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Injured When Their Helicopter Crashed, Survivors Sued Over Faulty Manufacturing

By Roberta Iafolla

Daily Journal Staff Writer

Los Angeles – In what plaintiffs’ lawyers described as the largest settlement for military personnel injured during the Iraq war, a federal judge in Los Angeles Wednesday approved a $13.65 million settlement against Boeing and four other companies.

The plaintiffs, Chief Warrant Officers Juan Beltran and Ron Carns, were injured in August 2003 when their helicopter’s gearbox failed during a maintenance flight in Tikrit, causing the craft to crash from 800 feet.

The soldiers suffered major spinal injuries as a result; Beltran, of Los Angeles, is a quadriplegic, and Carns, of Fort Hood, Texas, has a metal device in his neck and back.

Because the U.S. Army is immune from liability, the men sued the manufacturers of the Apache Longbow helicopter’s gearbox, which drives the tail rotor, and its accelerometer, which should have warned the pilots of the gearbox problem. Beltran v. Chadwick-Helmuth, CV05-6344-R (JLTX).

To achieve the settlement, the plaintiffs’ attorneys had to maneuver around the government contractor immunity defense, which originates from the U.S. Supreme Court’s ruling in the 1988 case Boyle v. United Technologies Corp.

The court ruled that manufacturer of a military helicopter could not be held liable for design defects because it was designed according to government specifications.

Inadequate lubrication in the gearbox and gearbox bearings when the helicopter was built caused it to crash, said lead plaintiffs’ attorney Kevin Boyle of Panish Shea & Boyle in Los Angeles.

Boyle said the gearbox, designed to last 4,000 flight hours, failed after just 218.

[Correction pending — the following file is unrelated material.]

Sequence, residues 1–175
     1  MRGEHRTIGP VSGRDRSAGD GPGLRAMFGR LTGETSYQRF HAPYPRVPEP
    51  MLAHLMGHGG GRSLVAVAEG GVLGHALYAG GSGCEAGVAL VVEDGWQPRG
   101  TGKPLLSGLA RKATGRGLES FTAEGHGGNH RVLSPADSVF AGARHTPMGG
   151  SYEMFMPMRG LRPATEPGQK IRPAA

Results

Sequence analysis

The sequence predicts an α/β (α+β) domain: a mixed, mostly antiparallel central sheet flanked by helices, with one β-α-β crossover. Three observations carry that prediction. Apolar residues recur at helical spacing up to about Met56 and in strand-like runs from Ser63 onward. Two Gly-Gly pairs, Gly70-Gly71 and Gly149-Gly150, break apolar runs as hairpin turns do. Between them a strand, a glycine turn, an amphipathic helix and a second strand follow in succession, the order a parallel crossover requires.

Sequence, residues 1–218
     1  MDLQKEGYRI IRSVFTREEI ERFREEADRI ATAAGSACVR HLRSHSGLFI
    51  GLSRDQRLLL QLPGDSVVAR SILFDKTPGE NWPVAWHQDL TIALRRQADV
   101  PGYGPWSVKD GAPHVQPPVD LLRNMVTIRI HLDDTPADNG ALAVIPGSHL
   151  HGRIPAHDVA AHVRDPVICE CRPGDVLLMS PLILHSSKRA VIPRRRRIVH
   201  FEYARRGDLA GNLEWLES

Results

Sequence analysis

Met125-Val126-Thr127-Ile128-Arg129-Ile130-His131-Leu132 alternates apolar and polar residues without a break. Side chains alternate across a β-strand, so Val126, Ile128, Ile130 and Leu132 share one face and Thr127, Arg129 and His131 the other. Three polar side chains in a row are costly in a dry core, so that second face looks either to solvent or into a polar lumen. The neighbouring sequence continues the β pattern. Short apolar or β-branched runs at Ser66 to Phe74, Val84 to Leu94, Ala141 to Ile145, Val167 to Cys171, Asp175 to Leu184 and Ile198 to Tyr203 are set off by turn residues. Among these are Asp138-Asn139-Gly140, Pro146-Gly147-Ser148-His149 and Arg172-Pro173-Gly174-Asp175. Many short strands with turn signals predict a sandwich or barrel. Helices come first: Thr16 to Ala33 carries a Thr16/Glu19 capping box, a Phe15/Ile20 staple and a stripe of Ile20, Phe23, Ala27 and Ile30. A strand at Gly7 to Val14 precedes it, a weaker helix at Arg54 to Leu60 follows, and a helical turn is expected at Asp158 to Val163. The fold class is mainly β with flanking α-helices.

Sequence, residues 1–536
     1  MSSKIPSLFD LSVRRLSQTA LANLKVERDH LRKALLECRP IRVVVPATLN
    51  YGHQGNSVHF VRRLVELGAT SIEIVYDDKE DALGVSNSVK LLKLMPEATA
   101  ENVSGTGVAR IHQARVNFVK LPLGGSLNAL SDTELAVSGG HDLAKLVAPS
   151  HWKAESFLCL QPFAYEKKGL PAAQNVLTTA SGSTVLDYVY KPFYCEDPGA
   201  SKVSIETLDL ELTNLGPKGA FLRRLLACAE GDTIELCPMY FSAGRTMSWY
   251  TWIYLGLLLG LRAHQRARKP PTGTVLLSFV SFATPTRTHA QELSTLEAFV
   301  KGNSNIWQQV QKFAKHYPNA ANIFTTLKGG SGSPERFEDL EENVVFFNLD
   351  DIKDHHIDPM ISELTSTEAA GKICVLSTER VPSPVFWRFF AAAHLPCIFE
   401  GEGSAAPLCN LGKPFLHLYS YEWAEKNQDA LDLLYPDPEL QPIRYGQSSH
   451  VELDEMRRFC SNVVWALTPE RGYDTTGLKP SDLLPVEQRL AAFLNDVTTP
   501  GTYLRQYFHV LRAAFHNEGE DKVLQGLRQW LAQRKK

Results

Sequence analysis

In addition, plaintiffs’ attorneys argued, the accelerometer, designed to detect vibration, was instead rendered inoperable by excessive vibration.

“It was like a smoke alarm that failed when it sensed smoke,” Boyle said.
Gregory Keating, law professor and associate dean at USC Gould School of Law, said the plaintiffs had the necessary elements to beat the government contractor immunity defense, by arguing the gearbox was manufactured incorrectly and the accelerometer failed to meet the government’s specifications.

When these arguments are coupled with sympathetic plaintiffs – two severely injured soldiers – it’s no surprise the defendants did not want to test the case in court, Keating said.
After Beltran was injured, President Bush visited him at Walter Reed Hospital in Washington, D.C, on Sept. 11, 2003.

Boeing Company, Honeywell International Inc., Chadwick-Helmuth Electronics Inc., MPB Corp. and Aircraft Gear Corp. agreed to pay Beltran $11.28 million and Carns $2.3 million.
Representatives from Boeing and Honeywell declined to comment. Representatives from the other companies were unavailable for comment.

Representing Boeing were Perkins Coie attorneys Ronald A. McIntire and Steven K. Hwang in Santa Monica and Steven S. Bell and Todd W. Rosencrans in Seattle. Arthur I. Willner of Berger Kahn in Los Angeles represented Chadwick-Helmuth Electronics Inc. James W. Huston and William V. O’Connor Jr. of Morrison & Foerster in San Diego represented Honeywell International. Mark R. Irvine and James W. Hunt of Mendes & Mount in Los Angeles represented Aircraft Gear Corp. Garry L Montanari of Michaelis Montanari & Johnson in Westlake Village and William S. Cline of Day Ketterer in Ohio represented MPB Corp.

U.S. District Judge Manuel L. Real approved the decision.

Plaintiffs’ attorney Thomas V. Girardi, who has been stymied by the government contractor immunity defense, called the settlement “extraordinary.”

Boyle said this case, coupled with investigations conducted by Boeing and the U.S. Army, could lead to a change in the vibration monitoring system in the helicopter.

Army spokesman Lt. Col. Carl Ey declined to comment on Boyle’s claim.

There are 120 Apache Longbow helicopters in use in Iraq and Afghanistan, Ey said.

The Apache Longbow helicopter has received criticism in media reports for its ineffectiveness in combat. One military analyst suggested that the military dump the craft, which is the Army’s primary attack helicopter in Iraq, in favor of the A-10 Warthog.

© 2007 Daily Journal Corporation. All rights reserved.

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